URBAN HISTORY REVIEW/
REVUE D'HISTOIRE URBAINE

Vol. 44, No. 1-2
Publication Date: 2016-08-10
Number of articles: 16

Environmental Nuisances and Political Contestation in Canadian Cities

Pages: 5–9
Environmental Nuisances and Political Contestation in Canadian Cities: Research on the Regulation of Urban Growth’s Unwanted Outcomes 
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By / par Owen Temby

Environmental Nuisances and Political Contestation in Canadian Cities

Pages: 10–23
National and Local Definitions of an Environmental Nuisance: Water Pollution and River Decontamination in Six Urban Areas of Quebec, 1945–1980 
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By / par Stéphane Castonguay

Abstract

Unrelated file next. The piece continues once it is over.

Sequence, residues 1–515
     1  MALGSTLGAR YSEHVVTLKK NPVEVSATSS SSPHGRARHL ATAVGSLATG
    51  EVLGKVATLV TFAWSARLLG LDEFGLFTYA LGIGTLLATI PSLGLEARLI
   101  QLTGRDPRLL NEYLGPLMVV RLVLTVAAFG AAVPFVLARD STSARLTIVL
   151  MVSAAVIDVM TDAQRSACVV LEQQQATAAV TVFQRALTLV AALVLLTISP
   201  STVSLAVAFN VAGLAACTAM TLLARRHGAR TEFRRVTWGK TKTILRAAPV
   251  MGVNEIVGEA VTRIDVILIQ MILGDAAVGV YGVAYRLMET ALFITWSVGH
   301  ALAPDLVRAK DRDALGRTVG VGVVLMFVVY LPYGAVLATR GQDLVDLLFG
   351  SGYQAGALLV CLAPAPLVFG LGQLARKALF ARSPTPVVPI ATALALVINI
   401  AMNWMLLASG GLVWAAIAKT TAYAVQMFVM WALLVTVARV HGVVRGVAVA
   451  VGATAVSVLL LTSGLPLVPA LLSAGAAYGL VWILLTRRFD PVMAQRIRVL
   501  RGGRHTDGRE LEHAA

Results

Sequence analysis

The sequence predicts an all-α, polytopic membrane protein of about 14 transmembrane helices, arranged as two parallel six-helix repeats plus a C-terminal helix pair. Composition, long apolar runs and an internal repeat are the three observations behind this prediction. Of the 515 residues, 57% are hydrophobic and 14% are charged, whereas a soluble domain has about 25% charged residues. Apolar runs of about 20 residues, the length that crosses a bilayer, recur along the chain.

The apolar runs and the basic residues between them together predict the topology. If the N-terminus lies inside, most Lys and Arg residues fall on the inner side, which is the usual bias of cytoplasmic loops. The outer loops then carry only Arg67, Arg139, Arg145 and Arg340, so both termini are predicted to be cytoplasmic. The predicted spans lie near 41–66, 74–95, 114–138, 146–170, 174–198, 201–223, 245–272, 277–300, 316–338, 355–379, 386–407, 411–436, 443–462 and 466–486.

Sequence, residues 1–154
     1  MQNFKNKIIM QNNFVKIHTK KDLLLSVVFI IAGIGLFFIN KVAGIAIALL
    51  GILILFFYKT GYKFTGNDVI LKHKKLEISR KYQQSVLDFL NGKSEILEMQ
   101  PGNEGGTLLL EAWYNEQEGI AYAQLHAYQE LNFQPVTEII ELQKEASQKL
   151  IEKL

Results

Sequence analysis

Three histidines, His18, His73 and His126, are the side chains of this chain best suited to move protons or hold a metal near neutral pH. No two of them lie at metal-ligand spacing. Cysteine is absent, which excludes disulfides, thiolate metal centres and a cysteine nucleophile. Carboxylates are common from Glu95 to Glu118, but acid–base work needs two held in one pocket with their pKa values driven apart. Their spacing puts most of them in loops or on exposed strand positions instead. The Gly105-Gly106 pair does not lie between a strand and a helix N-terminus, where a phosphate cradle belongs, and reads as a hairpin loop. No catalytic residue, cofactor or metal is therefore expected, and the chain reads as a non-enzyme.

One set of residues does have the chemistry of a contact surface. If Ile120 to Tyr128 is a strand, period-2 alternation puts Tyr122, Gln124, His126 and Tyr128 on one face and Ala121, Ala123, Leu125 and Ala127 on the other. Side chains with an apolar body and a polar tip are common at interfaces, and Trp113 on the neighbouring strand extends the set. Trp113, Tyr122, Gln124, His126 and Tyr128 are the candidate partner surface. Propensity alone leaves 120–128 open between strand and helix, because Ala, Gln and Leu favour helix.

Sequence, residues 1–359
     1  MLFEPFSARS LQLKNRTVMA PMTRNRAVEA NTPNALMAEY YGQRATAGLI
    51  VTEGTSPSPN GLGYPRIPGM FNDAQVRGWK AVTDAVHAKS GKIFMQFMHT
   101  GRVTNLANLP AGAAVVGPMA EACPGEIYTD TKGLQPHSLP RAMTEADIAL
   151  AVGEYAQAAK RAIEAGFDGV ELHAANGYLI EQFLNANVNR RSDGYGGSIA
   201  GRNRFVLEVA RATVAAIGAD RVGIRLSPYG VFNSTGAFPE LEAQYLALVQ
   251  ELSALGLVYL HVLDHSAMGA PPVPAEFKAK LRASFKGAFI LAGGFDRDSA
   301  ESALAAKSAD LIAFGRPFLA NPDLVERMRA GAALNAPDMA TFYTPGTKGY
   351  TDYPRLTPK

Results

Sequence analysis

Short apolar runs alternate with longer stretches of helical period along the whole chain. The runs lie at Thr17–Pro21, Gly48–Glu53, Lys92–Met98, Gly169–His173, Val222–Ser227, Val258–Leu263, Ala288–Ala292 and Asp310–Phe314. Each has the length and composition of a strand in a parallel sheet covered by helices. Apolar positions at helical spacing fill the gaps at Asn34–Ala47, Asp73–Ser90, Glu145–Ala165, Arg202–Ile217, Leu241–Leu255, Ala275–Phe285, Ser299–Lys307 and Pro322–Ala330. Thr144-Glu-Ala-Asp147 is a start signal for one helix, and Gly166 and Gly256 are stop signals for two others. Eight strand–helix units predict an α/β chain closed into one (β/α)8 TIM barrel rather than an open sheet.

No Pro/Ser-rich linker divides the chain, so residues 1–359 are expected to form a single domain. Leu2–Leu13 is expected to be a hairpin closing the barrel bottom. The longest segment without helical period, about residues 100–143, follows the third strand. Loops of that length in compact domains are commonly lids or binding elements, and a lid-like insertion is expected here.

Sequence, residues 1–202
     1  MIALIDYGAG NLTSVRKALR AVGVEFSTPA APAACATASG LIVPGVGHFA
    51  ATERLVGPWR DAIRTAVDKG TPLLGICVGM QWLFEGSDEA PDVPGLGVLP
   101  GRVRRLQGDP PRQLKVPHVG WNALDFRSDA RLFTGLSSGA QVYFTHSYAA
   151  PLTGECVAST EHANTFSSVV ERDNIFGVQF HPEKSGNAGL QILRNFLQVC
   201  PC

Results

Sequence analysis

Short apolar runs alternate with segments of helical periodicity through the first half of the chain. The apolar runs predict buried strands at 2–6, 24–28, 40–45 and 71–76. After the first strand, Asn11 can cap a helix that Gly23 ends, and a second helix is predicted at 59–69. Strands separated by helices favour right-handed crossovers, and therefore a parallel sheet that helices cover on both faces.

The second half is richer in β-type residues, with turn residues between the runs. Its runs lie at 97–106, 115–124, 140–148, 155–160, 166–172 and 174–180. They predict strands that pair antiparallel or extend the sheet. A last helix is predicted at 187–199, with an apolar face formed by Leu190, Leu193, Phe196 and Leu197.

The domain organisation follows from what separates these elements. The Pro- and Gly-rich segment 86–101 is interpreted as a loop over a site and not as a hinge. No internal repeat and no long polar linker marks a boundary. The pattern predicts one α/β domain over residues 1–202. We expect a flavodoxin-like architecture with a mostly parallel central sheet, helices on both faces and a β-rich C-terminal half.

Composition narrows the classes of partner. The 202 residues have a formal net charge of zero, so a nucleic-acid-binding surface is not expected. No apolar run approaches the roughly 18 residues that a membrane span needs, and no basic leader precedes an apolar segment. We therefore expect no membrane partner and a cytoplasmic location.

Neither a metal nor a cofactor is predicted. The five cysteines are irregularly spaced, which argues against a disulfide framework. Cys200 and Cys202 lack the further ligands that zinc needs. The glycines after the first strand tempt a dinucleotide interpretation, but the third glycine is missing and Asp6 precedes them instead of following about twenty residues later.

When it created the Water Purification Board in 1961, the Quebec government intended to proceed with a major reorganization of the municipal wastewater treatment and drinking water systems throughout the province. In the following decades, the Department of Municipal Affairs and Environment developed a series of programs and policies for the treatment of wastewater. If water pollution then appeared as a national problem and the subject of a consensual definition, neighbouring communities were facing specific problems that government policies tended to obscure. Our analysis of six municipalities (Drummondville, Sherbrooke, Saint-Hyacinthe, Granby, Trois-Rivières, and Shawinigan) located in three river basins (Saint-François, Yamaska, and Saint-Maurice), each with its own topography and hydrology, population, and industrial growth, and political and cultural history, reveals precisely how communities articulated their different understandings of pollution problems, as well as their distinct definitions of nuisance and means of coping with pollution. By identifying, at the local level, multiple representations of pollution phenomena and practices put forward to decontaminate water, we shed light on the difficulties surrounding the implementation of water treatment infrastructure in municipalities across Quebec between 1945 and 1980.